Adventure / South China Sea

The Outlaw Ocean Podcast - listen to episode 3 now

Written by Oceanographic Staff
& Ian Urbina
Photographs by Fábio Nascimento/The Outlaw Ocean Project, Thailand

The Outlaw Ocean podcast, created and produced by The Ocean Outlaw Project, is a seven-part weekly series that launched on September 26th, 2022 and is hosted by Pulitzer-price-winning journalist Ian Urbina.

It sheds light on one of the few remaining frontiers on our planet: the world’s oceans. It looks into a gritty and lawless realm rarely seen, populated by traffickers and smugglers, pirates and mercenaries, wreck thieves and repo men, vigilante conservationists and elusive poachers, seabound abortion providers, clandestine oil dumpers, shackled slaves and cast-adrift stowaways.

Relying on more than eight years of reporting at sea on all seven oceans and more than three dozen countries, the podcast brings all of it together into an immersive audio documentary series.

Episode 3, ‘Slavery At Sea’, has been online since Monday and deals with, as the title suggests, slavery on the high seas. It explores the global plight of sea slavery and tells the harrowing story of Lang Long, a young man found shackled by the neck to his dilapidated fishing vessel, a victim of the nightmarish world of debt bondage in the Thai fleet.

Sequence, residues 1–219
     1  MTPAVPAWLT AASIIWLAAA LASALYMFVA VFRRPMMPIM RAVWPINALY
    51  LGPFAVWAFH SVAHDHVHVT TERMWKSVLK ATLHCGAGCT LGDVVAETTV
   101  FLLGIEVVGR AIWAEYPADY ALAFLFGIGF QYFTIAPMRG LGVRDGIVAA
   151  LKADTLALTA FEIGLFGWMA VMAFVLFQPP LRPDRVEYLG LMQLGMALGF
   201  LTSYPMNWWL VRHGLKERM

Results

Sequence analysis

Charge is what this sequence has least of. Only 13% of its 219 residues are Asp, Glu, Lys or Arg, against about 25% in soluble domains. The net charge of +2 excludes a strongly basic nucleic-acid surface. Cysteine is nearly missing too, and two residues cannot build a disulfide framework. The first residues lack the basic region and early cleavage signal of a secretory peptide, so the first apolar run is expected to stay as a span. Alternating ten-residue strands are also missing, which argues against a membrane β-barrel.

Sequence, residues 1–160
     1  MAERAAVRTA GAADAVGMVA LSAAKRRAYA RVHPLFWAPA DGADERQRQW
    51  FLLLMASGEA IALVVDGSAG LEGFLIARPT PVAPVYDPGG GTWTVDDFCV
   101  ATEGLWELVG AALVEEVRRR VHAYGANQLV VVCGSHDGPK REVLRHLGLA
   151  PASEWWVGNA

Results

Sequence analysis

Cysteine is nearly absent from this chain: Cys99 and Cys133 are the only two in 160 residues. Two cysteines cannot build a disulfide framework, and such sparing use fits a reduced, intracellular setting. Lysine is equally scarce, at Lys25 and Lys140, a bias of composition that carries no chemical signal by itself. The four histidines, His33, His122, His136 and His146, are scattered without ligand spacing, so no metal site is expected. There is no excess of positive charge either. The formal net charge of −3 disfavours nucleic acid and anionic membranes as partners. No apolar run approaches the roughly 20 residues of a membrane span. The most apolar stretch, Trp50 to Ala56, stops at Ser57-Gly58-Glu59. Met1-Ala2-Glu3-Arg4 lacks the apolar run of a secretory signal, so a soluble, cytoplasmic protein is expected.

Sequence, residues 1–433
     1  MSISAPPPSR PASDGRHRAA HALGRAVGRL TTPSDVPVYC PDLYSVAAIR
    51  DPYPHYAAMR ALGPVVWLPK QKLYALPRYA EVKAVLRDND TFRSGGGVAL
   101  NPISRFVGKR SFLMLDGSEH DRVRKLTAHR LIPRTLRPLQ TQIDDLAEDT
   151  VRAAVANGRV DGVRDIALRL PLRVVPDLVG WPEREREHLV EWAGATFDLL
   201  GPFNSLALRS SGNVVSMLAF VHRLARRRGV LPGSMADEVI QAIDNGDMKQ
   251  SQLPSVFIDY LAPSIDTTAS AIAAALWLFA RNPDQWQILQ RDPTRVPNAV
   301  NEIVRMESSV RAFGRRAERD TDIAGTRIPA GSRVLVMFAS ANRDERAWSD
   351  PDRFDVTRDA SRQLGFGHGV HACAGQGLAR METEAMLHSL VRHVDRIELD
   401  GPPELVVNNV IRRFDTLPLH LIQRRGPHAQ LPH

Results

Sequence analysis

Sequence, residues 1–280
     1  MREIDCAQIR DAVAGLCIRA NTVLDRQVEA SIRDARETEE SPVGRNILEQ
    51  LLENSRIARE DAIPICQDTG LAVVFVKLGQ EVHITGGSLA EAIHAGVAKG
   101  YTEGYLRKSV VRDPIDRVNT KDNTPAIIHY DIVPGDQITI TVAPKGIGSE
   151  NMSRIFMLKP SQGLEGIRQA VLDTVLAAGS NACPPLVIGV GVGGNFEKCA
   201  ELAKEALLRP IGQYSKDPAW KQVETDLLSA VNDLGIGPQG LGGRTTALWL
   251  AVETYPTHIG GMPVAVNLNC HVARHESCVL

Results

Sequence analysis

Listen to Ian’s account of his groundbreaking reporting on slavery in the South China Sea, the first time a reporter had ever made it onboard a Thai distant-water vessel using enslaved labor.

Found shackled by the neck as part of the crew on a dilapidated fishing vessel, Lang Long was a victim of the nightmarish world of debt bondage. A global scourge, sea slavery is something most people do not realize exists. This episode explains how it happens, taking us for the first time ever on board one such roach and rat-infested ship on the South China Sea, worked by 40 Cambodian boys. 

The episode explains how overfishing has given rise to trans-shipment, fish-laundering and a prevalence of abuse that companies and governments have a tough time countering or tracking. 

Find out more about the Outlaw Ocean Project here and listen to the podcast episodes here.

For more from our Ocean Newsroom, click here.

Current issue

Back issues

Enjoy so much more from Oceanographic Magazine by becoming a subscriber.
A range of subscription options are available.